Shorter working hours in Sweden
The 34 year old art director was used to an extremely hectic schedule in her previous job as a freelancer, but now she works for a new start-up in Sweden that offers a six hour working day.
It’s just one of the many companies that are trialing the idea, which is part of the national ideal of a positive work/life balance.
Erika said: “For me it’s absolutely fantastic. I have more spare time to train or to be outdoors while it is still daylight, or to do work in my garden.”
Although she doesn’t have any children, she enjoys the extra spare time, spending it with friends and family. She said that she feels “much less stressed” since her hours were cut down to six.
The launch of the initiative
Jimmy Nilsson, Erika’s boss, launched the initiative in September to increase the productivity of the company’s workforce.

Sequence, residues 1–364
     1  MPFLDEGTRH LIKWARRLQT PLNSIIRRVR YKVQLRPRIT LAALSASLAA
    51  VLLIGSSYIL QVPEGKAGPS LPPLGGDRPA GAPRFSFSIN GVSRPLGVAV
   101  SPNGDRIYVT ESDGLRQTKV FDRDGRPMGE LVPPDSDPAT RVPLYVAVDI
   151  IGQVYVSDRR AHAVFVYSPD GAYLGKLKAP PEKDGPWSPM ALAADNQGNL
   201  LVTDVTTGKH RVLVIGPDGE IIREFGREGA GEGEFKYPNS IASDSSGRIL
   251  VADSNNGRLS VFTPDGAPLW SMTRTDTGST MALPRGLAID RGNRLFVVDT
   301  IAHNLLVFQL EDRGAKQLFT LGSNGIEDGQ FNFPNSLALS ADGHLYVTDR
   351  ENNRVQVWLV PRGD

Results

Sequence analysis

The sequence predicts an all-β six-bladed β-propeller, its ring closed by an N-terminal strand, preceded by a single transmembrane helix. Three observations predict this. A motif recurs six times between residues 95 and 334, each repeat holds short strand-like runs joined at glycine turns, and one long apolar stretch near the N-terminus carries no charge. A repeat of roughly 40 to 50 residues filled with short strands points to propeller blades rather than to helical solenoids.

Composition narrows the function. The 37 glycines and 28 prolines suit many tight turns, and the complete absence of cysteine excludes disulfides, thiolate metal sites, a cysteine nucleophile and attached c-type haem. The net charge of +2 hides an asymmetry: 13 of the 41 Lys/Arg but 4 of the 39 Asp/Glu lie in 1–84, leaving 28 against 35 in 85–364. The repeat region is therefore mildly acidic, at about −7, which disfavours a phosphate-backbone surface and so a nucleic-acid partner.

He said: “It’s difficult to concentrate at work for eight hours, but with six hours you can be more focused and get things done more quickly.”
His staff starts at 8.30am, have an hour lunch break at 11.30am and then end at 3.30pm.
They are, however, asked to refrain from using social media and taking any personal calls or emails until the end of the working day. Since the initiative started, salaries have not changed.
Mr Nilsson said: “We’re going to try it for nine months and see if it’s economical first of all, and secondly if it works for our customers and our staff.”
Shorter working hours isn’t a new thing in Sweden, but it seems to have increased in popularity in the recent months. There have been a number of start-ups joining Background AB (Mr Nilsson’s company) trialing the idea, alongside two hospital departments and a care home.
Bengt Lorensson, the lead consultant that has been contract by Gothenburg City Council to analyse the data, said: “It is too early to draw any firm conclusions, but nurses working shorter hours are taking less sick leave and report being less stressed.”